In a pair bonded society men are very choosy because they have to commit and bond with their mate, care for the the kids and live with each other for long periods of time. Choosing the wrong mate could be disastrous to day to day life.

Males Levels of Aggression

In a tournament species men are a lot more aggressive and a lot more competitive with each other. It wouldn’t be impossible to also infer that some of that such aggression would also inexplicable overflow to the women.

In a pair bonded species men are a lot more likely to group together and care for each other. No need to compete with each other for women because the women aren’t selecting for traditional aggressive, competitive masculine traits. Most men will be paired with a mate.


Tournament Species – male life is a lot shorter than in pair bonded species because of the competition and aggression

In a pair bonded society men and women live the same time because their living conditions are very similar.

Variability in male reproductive success

social hierarchyThis might be one of the hardest concepts to get your head around but think of it like this, Does every male have a few kids or do 5% of the men do 95% of the reproduction?

Tournament Species – male success in reproducing is very variable. It could be as far askew as 5% of men are responsible for 95% of the children.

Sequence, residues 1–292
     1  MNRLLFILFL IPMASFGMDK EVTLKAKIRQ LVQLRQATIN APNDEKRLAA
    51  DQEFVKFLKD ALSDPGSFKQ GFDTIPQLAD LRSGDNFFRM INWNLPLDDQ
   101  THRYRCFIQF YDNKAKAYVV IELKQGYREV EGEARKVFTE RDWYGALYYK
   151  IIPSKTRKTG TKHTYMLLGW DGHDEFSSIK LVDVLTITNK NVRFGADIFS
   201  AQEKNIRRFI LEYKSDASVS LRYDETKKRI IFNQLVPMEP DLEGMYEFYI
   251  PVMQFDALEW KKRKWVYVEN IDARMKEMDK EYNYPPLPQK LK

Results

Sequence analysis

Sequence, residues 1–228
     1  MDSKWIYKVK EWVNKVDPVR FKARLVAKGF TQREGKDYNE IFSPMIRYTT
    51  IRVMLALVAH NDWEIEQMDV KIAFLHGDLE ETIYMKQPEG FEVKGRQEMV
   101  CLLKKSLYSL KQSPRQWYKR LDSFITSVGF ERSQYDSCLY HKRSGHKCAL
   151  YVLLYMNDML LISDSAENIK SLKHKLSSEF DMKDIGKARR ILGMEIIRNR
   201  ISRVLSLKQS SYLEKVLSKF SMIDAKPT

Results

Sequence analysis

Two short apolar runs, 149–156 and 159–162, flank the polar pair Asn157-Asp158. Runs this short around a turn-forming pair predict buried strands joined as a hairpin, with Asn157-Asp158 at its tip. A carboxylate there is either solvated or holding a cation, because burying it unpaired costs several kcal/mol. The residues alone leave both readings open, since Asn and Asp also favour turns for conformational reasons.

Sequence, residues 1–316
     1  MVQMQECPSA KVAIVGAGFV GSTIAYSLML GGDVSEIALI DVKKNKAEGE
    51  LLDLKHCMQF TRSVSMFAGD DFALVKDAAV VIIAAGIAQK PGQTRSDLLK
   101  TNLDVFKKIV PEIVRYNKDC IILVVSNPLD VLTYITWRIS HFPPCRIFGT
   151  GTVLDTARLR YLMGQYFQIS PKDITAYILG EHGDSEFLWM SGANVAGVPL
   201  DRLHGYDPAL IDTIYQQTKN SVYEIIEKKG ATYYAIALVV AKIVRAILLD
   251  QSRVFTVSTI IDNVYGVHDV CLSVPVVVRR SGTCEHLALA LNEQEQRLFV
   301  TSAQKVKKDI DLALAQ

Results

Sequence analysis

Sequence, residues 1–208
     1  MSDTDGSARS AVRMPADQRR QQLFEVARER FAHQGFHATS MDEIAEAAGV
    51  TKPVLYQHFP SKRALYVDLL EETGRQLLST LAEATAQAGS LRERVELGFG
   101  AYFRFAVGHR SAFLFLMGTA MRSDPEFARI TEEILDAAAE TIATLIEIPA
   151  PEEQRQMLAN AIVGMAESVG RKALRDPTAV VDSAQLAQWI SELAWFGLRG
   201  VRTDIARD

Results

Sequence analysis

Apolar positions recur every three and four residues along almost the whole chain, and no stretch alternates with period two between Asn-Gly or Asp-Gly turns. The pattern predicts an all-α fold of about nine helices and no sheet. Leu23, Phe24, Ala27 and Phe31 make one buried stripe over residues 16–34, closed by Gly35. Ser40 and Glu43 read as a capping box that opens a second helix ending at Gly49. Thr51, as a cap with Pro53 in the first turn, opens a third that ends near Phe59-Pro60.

Pair Bonded species – male success is a lot more shared. Almost every man is paired with a women and they have an equal amount of kids.

Female preference when it comes to choosing a mate

Tournament species – first and foremost she is looking for good strong solid set of genes because that is all she can expect him to realistically provide. He won’t be a live in dad. He won’t be staying around to see how things pan out. As soon as he has finished the act he is back to his life of war.

Shared parental behaviour

Tournament Species – men to not actively participate in raising children.

Pair Bonded Species – Parenting is equally shared.

Female abandonment of kids

Tournament species – mothers tend not to abandon their children because it would spell almost certain death.  Afterall dad is not around to pick up the slack.

In Pair Bonded species females are a lot more likely to monkey branch (leave one man to join with another man perceived to be better) because the fathers are in place to take care of the children. You will even see cuckholdry under this culture.

Complexity of society and Government structure

Tournament Species – the male side of the culture will tend to be a lot less organised and tend to run on the lore of the jungle. Aggression is key and every man for themselves. As such societal structures or government interventions will not be necessary but also not be desired by these men. Perhaps the second tier men Beta men will be looking for such a structure but realistically they will be shunned by the females anyway and ignored.